Now I would go into the mid and later war years including the stopping of Stalin's plan to execute hundreds of thousands of Germans out of revenge but I am at work so that will have to wait for another time.
Needs to be pointed out FDR and Churchill were 7 cousins once removed. So very, very distantly related and doubt that would have any effect on FDR bringing USA into the war as opposed to a certain Pearl Harbour incident.
As I said, before Pearl Harbour the US Navy was openly engaging German Uboats. Also the US was providing a great deal of material to the British war effort breaking its neutrality. Churchill's personal relationship with FDR was the major factor in this as has been proven by both men's diaries so doubt all you want but FDR was taking a massive gamble supplying the British Empire with war materials. It was something that was deeply unpopular in the US who had no axe to grind with Nazi Germany.
I don’t doubt any of that but just wanted to clarify your point about being cousins and their personal relationship as a result.
We just need to look at George V and his family connection with his cousin the Tsar of Russia how he fecked him and the Romanovs over by not bringing them over to the UK before they got shot by the Bolsheviks. All down to protecting the British Royal family’s position and not being tainted by Bolshevism, spreading through Russia at the time, and bringing it to the UK.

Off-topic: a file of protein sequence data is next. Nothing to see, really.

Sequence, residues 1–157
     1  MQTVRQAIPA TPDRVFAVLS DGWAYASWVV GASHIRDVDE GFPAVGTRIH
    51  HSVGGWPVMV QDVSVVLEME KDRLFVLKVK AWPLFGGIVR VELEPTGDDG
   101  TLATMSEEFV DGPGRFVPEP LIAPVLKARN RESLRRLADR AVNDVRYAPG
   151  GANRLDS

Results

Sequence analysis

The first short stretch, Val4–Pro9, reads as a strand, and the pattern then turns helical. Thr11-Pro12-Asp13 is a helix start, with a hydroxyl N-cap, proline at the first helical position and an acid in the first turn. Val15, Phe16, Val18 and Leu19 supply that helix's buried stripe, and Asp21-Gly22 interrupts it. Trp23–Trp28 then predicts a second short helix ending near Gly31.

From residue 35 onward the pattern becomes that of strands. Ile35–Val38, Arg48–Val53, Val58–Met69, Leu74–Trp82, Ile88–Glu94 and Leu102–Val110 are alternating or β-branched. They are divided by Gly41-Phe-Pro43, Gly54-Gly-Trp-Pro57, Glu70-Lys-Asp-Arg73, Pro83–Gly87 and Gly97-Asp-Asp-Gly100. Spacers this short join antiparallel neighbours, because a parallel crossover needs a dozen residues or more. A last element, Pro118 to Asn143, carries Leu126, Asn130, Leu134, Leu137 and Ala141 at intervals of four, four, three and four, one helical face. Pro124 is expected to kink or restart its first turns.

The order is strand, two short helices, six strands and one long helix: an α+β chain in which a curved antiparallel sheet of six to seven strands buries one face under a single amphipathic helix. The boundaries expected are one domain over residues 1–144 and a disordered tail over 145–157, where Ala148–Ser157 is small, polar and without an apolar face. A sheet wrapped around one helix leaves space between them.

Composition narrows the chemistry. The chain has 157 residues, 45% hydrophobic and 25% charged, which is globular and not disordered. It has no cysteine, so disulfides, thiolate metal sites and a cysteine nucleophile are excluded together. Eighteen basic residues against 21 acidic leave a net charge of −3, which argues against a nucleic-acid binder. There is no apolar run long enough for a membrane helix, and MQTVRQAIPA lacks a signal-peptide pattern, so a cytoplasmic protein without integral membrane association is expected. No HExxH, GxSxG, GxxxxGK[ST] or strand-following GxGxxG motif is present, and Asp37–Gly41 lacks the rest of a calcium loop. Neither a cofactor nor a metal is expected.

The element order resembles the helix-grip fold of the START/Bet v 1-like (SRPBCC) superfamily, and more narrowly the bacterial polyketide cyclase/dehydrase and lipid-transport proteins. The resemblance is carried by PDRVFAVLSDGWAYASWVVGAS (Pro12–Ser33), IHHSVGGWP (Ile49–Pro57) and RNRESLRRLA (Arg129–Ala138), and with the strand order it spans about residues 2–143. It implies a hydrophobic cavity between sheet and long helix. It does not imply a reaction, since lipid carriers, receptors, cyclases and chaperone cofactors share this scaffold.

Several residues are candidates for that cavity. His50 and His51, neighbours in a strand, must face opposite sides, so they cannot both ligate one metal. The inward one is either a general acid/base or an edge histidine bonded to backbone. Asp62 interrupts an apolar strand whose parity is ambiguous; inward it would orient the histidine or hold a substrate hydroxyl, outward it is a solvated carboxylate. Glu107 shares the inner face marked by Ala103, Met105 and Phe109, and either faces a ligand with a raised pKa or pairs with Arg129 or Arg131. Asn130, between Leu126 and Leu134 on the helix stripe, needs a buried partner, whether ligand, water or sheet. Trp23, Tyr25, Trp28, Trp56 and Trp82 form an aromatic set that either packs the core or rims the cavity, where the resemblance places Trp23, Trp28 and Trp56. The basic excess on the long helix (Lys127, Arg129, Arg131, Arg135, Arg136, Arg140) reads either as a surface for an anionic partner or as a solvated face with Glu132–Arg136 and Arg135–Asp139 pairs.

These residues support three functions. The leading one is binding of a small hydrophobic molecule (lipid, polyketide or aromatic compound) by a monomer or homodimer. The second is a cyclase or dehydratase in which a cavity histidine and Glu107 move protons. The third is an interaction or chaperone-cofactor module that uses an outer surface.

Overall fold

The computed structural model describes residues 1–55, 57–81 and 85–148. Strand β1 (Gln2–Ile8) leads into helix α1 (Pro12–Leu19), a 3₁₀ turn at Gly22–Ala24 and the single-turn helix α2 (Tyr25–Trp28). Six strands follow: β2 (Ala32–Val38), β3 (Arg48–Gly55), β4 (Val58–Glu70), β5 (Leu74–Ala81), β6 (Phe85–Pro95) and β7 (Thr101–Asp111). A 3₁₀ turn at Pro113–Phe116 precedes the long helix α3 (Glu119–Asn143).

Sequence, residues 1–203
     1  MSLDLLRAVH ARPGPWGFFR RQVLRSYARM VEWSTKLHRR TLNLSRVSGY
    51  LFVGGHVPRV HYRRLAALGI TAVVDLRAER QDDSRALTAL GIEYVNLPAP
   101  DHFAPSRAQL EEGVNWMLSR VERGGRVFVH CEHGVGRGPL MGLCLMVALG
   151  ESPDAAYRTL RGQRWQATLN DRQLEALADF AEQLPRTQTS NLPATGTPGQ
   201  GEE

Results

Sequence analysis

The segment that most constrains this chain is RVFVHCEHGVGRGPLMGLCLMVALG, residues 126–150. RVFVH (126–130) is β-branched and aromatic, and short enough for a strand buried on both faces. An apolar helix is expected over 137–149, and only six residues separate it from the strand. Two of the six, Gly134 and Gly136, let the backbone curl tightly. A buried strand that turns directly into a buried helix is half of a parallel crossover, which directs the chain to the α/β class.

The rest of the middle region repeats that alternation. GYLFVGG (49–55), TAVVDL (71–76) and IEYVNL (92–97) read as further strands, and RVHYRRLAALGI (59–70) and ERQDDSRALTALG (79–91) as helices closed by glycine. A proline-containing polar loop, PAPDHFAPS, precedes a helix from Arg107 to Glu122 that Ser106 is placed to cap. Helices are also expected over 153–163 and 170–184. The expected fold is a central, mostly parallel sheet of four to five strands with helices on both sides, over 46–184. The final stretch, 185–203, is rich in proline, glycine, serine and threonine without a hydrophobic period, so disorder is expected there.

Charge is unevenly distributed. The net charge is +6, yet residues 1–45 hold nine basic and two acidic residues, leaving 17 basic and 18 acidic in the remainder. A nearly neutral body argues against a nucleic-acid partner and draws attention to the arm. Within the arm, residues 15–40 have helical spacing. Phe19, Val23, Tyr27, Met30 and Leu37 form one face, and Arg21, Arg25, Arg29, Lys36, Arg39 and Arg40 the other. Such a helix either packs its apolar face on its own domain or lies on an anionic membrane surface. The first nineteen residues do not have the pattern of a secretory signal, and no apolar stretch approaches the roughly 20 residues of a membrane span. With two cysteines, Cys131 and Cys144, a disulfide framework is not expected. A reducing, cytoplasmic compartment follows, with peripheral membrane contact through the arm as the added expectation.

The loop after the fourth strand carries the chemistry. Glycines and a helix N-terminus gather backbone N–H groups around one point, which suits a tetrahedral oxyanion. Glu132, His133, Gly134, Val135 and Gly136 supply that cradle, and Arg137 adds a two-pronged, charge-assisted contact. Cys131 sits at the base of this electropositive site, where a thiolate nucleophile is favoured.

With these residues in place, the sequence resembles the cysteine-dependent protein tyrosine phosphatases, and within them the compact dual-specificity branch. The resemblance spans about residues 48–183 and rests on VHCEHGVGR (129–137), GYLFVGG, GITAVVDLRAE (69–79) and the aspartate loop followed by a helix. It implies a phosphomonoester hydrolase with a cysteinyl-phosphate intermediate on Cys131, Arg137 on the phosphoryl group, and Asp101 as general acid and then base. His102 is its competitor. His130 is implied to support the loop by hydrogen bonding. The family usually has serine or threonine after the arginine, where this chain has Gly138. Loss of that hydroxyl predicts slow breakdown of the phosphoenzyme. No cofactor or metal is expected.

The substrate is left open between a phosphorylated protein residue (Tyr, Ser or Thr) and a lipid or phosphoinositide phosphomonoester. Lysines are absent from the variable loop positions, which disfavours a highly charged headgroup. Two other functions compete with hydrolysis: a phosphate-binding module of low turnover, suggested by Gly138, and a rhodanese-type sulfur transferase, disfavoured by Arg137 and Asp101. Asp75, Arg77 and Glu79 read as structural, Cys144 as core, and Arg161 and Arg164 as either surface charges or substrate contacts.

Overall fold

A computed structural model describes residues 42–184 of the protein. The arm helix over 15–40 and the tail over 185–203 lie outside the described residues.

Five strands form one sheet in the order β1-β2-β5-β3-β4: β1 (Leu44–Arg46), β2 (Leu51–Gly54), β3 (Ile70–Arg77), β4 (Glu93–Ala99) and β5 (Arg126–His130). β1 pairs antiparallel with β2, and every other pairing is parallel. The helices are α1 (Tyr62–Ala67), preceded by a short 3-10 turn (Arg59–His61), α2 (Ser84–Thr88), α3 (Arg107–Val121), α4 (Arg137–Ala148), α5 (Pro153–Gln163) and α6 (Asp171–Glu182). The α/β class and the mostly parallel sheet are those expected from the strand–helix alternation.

The fact they were actually related did help with the friendship
i would personally dispute that. But hey ho that is history for you. All up to discussion which is what I am after.
ah it wasn't the taint of Bolshevism it was the threat that communists in the UK (and Ireland) wouldn't take kindly to the UK saving Tsar Nick who was a totalitarian ruler (although he was a bit naive and weak and was really only a figurehead for the ruling classes) and there was a real fear in Parliament of revolution here in the UK.
Bolshevism being used interchangeably with Communism. But I think we both made the same point.
I'm really pushed for time right now, so this is not exactly the detailed reply I would like.
Sending John Bryans to Germany to undermine Hitler?
Anyway, even if we take that rather large leap and assume that parliament bowed to one man and swung from a policy of appeasement to war to the death....
The Western Desert was a sideshow - was there ever more than ten divisions deployed in the field?
The Battle of Britain is a point worth debating - the problem with your reasoning is that the Luftwaffe had no trouble obtaining air superiority over the Soviet Airforce in the early days of Barbarossa, and very few ground attack aircraft were committed to attacking England after early sorties showed how vulnerable they were.